Cyclists are a tight-knit community. To be a member, you need not join a club or participate in large group events. You need only have experienced being a cyclist among motor vehicles. It takes someone very dedicated to mount a bicycle, devoid of any life-saving safety features, and ride beside cars. Those who take that risk share a bond.

As every seasoned cyclist is aware, riding in traffic can be dangerous. The National Highway Traffic Safety Administration releases a report each fall which summarizes the previous year’s traffic fatalities. In 2016, motor vehicles killed 840 cyclists: a 1.3% increase from 2015 and the highest number of deaths since 1991. When a cyclist is killed anywhere in the U.S., their community feels the loss.

A cyclist’s memorial

In Washington D.C. this past July, a cyclist, riding in a bike lane, was struck by a delivery truck and died from his injuries the next day. About a week later, rush-hour traffic stopped at the accident’s intersection when more than 100 bicyclists peddled over and dropped their bikes in a moment of silence.

Bystanders, moved to tears, observed the memorial commonly associated with fallen cyclists: a bike, painted white and chained to a post. Affixed to the memorial were pictures of the cyclist, Jeffrey Hammond Long.

Colorado bike lane debate

Many states are grappling with ways to improve safety conditions for cyclists. In Colorado, the development of bike lanes is hotly debated. The goal of a bike lane is to separate cars and bikes, but in practice, they don’t guarantee the needed separation.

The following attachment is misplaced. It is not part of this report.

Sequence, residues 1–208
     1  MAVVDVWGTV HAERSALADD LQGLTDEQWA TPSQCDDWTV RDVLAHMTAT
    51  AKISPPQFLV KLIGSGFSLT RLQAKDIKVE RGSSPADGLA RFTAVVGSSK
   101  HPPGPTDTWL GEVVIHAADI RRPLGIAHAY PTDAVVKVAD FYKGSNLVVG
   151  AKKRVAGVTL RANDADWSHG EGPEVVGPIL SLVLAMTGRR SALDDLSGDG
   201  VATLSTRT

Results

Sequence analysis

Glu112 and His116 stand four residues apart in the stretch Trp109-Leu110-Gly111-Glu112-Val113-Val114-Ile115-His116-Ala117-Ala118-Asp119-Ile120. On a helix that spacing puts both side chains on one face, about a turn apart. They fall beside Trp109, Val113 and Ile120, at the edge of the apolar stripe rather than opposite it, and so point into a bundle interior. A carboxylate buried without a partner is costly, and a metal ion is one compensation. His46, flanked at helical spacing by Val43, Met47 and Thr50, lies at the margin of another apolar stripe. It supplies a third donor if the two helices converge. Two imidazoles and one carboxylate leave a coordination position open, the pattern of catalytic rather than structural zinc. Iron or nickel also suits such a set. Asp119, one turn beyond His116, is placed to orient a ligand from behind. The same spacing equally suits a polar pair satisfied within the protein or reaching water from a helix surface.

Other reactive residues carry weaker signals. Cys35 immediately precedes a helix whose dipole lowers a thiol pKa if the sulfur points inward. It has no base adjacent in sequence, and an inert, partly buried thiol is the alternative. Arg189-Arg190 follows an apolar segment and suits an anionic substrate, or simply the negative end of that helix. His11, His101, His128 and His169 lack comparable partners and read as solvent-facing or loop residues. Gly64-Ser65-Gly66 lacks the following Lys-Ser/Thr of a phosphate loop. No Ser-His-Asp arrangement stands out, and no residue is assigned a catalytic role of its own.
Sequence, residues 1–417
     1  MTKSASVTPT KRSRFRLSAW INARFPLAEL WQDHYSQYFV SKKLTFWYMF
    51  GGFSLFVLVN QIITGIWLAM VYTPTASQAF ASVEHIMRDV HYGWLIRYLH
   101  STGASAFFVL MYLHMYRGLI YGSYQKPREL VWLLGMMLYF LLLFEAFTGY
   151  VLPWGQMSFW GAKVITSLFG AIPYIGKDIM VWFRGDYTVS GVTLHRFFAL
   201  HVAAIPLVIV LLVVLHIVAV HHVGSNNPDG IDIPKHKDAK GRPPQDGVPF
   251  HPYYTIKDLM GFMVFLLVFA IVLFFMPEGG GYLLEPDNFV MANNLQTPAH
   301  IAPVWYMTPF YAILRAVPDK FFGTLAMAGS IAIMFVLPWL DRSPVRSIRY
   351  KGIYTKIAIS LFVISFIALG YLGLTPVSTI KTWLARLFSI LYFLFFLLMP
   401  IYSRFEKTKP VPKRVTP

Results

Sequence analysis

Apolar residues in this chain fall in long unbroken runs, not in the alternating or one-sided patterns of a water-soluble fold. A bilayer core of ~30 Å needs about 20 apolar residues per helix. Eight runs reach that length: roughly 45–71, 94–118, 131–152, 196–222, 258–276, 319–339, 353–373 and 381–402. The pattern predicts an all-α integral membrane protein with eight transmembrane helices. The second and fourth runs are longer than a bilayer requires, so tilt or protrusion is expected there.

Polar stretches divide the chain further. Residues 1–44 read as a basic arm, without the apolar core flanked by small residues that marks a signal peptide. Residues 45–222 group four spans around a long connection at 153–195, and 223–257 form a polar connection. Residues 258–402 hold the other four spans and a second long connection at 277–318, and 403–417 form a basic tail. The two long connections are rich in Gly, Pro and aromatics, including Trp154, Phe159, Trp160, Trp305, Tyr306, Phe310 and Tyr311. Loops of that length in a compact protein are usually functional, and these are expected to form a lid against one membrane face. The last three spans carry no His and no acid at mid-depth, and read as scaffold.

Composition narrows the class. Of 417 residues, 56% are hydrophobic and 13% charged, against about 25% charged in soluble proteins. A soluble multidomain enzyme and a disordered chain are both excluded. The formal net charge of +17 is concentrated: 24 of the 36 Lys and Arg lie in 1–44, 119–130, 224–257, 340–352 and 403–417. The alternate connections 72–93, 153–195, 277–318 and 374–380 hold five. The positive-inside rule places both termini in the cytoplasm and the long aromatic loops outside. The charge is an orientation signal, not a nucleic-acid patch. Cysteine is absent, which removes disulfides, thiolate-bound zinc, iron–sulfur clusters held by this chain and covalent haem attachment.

In March of 2018, Bicycle Colorado launched their “Things in the Bike Lane” campaign, asking the public to send in photos of, well, things that shouldn’t be in a bike lane that cause cyclists to merge into traffic. Even in a clear lane, a cyclist can never be confident that a car won’t collide with them.

While many people argue for more public awareness of bike lanes, as well as further bike lane development, others feel that permanently removing a lane of traffic for a somewhat seasonal form of transportation increases congestion and road rage.

An increasing number of Americans are concerned about their health and the health of the environment. For this reason, it’s unlikely that the growth of the cycling movement – and the resultant “war” between cyclists and motor vehicles – will go away any time soon. The solution to this problem will likely be a grassroots effort from those who use the bike lane.

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